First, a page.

Recently released data on the mass incarceration crisis in Oklahoma has highlighted the critical need for action on behalf of Native women in Oklahoma state prisons. The recent data, analyzed by Open Justice Oklahoma and interpreted by OKPolicy, found that Native women are imprisoned in Oklahoma three times more often than white women, and have a higher imprisonment rate than any other race or ethnicity in the female incarceration category. This fact is hurting Tribal nations, families, and children, and, without policy change, will continue to persist.
Oklahoma has made some strides in the last few years in the area of criminal justice reform, after receiving, in 2016, the horrific distinction of being the state that incarcerates the most people per capita. After several consecutive years of this distinction, the state enacted a mass commutation in late 2019, which dropped the number of people incarcerated dramatically and moved Oklahoma down to the number two spot. It is a good start that the overall incarceration rates for Oklahomans have gone down; but number two is hardly something to be proud of. And furthermore, Oklahoma has led the nation in female incarceration for over twenty-five years, and still does, locking women up at twice the national average.
These incarceration rates have had a spiralling effect on Oklahoma families. Of the incarcerated women in Oklahoma, 80 percent are mothers. In 2014 in the state, 6,000 children were impacted by maternal incarceration. And across Oklahoma, Native children are twice as likely as white children to have an incarcerated parent. In a previous commentary, I laid out the generational impacts incarceration has on children and the systemic barriers they face because of it in further detail (you can read more on the challenges such children face, as well as my story, here).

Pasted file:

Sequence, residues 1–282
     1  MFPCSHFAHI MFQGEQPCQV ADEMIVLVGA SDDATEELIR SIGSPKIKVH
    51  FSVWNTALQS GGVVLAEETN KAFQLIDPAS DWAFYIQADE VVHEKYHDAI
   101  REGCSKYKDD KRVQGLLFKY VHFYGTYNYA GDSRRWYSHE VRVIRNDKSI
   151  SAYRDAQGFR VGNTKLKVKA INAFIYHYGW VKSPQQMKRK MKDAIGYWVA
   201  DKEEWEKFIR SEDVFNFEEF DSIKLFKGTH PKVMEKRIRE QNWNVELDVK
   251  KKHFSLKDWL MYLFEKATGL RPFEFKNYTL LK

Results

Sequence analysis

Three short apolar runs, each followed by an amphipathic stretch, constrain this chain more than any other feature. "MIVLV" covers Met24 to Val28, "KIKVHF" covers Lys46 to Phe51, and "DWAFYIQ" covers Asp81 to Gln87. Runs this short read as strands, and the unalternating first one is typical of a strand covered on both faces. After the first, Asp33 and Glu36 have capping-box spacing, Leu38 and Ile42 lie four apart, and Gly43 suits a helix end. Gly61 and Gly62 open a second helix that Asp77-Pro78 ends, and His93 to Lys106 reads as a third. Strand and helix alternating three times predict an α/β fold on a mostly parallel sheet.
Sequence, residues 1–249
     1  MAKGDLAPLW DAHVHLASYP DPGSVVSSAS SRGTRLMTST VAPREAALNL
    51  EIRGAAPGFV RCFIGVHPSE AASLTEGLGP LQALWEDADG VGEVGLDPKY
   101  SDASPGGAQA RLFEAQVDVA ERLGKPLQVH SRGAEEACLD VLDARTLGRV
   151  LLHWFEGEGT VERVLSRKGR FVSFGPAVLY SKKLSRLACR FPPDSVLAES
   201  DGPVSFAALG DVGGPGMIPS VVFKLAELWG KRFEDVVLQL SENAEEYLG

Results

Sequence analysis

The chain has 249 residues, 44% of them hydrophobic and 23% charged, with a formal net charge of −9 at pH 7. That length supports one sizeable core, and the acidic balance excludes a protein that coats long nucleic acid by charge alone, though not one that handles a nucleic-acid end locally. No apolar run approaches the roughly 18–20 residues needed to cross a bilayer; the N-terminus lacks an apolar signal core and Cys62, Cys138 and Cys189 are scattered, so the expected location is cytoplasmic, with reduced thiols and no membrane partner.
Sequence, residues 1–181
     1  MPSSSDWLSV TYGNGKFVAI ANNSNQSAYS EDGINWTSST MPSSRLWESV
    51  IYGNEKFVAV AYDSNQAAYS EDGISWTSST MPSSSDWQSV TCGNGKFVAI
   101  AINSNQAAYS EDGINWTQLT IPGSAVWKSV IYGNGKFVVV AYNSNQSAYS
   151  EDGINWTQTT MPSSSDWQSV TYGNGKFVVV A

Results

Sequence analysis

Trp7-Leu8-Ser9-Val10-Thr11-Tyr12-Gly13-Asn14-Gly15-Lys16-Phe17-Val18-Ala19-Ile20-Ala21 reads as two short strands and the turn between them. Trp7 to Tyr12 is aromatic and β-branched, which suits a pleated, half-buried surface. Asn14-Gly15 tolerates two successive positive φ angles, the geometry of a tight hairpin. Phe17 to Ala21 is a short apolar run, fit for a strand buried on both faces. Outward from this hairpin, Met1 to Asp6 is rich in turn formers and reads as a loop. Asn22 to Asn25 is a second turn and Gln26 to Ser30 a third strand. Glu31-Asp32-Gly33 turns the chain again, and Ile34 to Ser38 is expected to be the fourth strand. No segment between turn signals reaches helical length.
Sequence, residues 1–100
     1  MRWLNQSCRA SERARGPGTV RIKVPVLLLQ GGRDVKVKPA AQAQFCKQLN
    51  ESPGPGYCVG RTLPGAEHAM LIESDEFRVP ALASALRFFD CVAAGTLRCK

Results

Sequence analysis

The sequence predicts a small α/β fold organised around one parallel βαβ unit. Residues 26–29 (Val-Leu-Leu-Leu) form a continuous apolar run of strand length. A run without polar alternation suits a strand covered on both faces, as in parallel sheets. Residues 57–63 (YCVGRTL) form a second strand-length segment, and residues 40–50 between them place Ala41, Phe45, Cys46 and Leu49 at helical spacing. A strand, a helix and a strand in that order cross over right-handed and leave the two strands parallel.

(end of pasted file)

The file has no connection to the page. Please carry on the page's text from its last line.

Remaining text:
Such a crisis has dire consequences for Native communities, given the integral part that women play at large and in their Tribal communities in particular. In my tribe, the Mvskoke (Creek) Nation, we are a matrilineal society, meaning many of our traditions are passed down from our mothers. Incarceration robs Native communities of essential transmissions of traditions and culture, and disrupts community cohesion as a whole. This aspect of women’s roles in Native lives is not just part of the nature of the crisis: we should take it into account in our response to the crisis, too. If we are not including Native women in our policy solutions to continue justice reforms in Oklahoma, then we are propagating traumas that have persisted and will continue to persist for generations to come, and which threaten Native communities’ very existence. Having worked on the ground in Oklahoma, fighting the mass incarceration of Indigenous people, I know that policymakers are aware of the crisis; yet it continues to get worse as the years go by. We need to focus on policy solutions that ensure that Native women are not left behind.
If we are not including Native women in our policy solutions to continue justice reforms in Oklahoma, then we are propagating traumas that have persisted and will continue to persist for generations to come, and which threaten Native communities’ very existence.
We need to dramatically change our system of mass incarceration in Oklahoma: the road to success and safety is a long one, but conscience and survival gives us—all of us—no choice but to walk it.